is there a way to boost your immune system?

WOW! What a year it has been here in Spain! Locked down (or basically locked in!), little or no exercise allowed, I can't hug anyone anymore for fear of being issued with a huge fine (and 300 euros is an expensive body rub), but I can make fist, elbow and leg greetings which make me look like I’m Salsa dancing.

I, like billions of other people worldwide, have to wear something on my face which feels like it restricts my breathing and makes me look like I’m ready to launch into a medical surgery procedure, but does allow me to 'throw' my voice and confuse people because they can't see that it’s me. I have to say that part has been the fun element throughout this situation (and has been the only 'fun' thing), my ventriloquist skills have vastly improved since my state-imposed ‘lockdown’.


It's interesting, or should I say, frustrating, observing the differing rules within European countries - gyms closed then open, then closed again..., exercise allowed or not, should you stay 1, 1.5 or 2 metres away from another person? Can I travel in a car with you, if so, do you need me to travel in the boot so you don’t breathe your germs all over me?! But for me, the one thing which was missing (almost in every country) was the lack of information given to the general public by health authorities about the effect of exercise and diet on the immune system to assist the fighting of viruses within the body - an especially crucial aspect during this Covid-19 pandemic.


This worldwide event has reminded us just how important the body’s immune system is, a healthy immune system can help defeat invading pathogens - the keyword here is ‘help’. There are no scientifically proven direct links between lifestyle and enhancing the immune system. Nevertheless, general healthy-living strategies are a good way to start giving your immune system the upper hand when it comes to the first line of defence and giving the body a fighting chance to defeat viruses.


As we get older, the capability of our immune response is gradually reduced, which in turn can be a main contributory factor in contracting more infections. Medical studies have identified a connection between nutrition and immunity in the elderly and studies around a form of malnutrition called ‘micronutrient malnutrition’ (where a person is deficient in some essential vitamins and trace minerals), show evidence that various micronutrient deficiencies (such as zinc, selenium, iron, copper, folic acid and vitamin A, B6, C & E) can negatively alter immune responses.


So what can you do to help keep your immune system operating at an effective level? Well, I could start talking about how monocytes, macrophages, dendritic cells, neutrophils and eosinophils (all from the Phagocyte family) and the process of Phagocytosis (this process basically ingests and digests the virus or foreign bacteria in the body) - but it probably sounds like I’m naming characters from Game of Thrones. So let’s keep it simple, let’s call this the 'Lifestyle Strategy'.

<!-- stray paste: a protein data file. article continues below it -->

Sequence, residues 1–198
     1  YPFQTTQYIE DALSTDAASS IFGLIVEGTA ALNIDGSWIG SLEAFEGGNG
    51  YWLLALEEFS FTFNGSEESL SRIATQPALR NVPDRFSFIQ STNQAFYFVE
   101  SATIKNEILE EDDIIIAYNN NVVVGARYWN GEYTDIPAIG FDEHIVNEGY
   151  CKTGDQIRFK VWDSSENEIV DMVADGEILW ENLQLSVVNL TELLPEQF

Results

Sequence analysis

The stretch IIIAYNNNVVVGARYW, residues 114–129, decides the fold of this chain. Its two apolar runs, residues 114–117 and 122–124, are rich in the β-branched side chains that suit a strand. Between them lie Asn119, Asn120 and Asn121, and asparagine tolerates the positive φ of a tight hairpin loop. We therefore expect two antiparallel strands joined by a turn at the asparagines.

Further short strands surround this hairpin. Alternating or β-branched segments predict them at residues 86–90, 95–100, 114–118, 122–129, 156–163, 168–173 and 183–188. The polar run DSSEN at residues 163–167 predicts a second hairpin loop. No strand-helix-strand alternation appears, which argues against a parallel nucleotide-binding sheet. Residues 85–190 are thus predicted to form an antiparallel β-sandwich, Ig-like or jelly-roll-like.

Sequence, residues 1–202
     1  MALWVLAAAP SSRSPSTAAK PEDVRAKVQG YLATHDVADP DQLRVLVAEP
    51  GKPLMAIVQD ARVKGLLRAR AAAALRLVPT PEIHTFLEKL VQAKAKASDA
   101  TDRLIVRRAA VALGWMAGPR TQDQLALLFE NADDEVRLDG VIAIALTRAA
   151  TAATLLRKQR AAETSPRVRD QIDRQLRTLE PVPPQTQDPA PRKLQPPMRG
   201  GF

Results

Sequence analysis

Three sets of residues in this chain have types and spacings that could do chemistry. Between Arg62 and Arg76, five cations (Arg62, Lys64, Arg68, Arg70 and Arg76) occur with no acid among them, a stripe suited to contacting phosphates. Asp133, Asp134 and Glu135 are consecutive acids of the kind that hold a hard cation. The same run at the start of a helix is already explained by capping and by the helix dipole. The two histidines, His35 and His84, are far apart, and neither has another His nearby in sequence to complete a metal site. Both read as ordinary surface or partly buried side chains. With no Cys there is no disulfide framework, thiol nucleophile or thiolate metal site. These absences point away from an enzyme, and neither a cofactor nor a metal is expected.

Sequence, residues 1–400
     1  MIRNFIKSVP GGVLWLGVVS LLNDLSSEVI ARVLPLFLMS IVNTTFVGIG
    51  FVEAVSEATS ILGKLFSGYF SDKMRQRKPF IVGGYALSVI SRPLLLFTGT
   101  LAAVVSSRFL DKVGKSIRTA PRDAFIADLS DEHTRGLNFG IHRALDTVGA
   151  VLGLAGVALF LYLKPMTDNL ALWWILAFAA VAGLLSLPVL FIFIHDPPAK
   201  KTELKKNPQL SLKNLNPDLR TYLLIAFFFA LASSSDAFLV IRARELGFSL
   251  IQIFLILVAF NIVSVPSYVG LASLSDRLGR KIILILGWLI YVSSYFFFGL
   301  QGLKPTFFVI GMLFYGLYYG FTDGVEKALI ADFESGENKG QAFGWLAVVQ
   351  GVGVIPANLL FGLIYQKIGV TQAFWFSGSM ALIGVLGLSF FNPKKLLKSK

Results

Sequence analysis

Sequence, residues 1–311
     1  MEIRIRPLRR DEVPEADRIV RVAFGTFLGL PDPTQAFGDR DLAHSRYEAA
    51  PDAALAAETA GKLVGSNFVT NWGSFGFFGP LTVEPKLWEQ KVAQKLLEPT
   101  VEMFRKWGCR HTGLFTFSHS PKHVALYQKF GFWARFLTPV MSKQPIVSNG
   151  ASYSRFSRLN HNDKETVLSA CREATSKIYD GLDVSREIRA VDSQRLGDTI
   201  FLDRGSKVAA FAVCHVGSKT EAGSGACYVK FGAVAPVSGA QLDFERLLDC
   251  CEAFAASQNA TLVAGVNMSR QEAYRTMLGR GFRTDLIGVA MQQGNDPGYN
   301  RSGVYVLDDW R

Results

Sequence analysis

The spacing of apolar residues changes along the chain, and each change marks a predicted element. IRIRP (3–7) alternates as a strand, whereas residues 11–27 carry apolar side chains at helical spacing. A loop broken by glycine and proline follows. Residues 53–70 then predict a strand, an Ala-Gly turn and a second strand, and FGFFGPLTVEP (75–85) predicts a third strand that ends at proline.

This ‘strategy’ should always include a balanced, healthy diet, which keeps you at a healthy weight. There have been numerous reports showing that obesity is a compelling factor for becoming exceptionally ill with COVID-19. Including enough fruits and vegetables in your diet (especially ones that are high in Vitamin C, Vitamin E and Vitamin B6) shouldn't be a new factor for you in this balance. The medical fraternity has been telling us for years to do this (remember the marketing campaigns various governments adopted around the '5-a-day recommendations?). Eating foods that have high, antioxidant properties, and which can protect you against oxidative stress, such as garlic (the sure-fire way to keep people and vampires at the recommended safe COVID distance ;-), dark coloured berries and beetroot (which is rich in phenolic compounds and has been ranked in the top 10 most potent antioxidant vegetables), are essential foods for your daily routine.


There is also a compelling link between physical activity and the body’s immune system. A structured exercise programme will contribute to the effectiveness of the immune system by promoting good circulation - this, in turn, allows cells and substances of the immune system to move through the body freely and do their job efficiently. Exercise increases endorphins, which helps reduce the stress hormone Cortisol - elevated levels of this hormone can reduce your ability to fight off infection, dopamine and adrenaline (and endocannabinoid - which works with the immune system) - these are chemicals in the brain which are associated with feeling confident, capable, happy, less stressed and having less anxiety. All of which ensures a proper ‘brain function’ but can also help with productivity and mental capacity (and....can improve your immune response).


So in a nutshell, there aren't any 'magic ways' to boost your immune system, just the tried and tested ones which, given the situation over the last 12 months, we all should be participating in!




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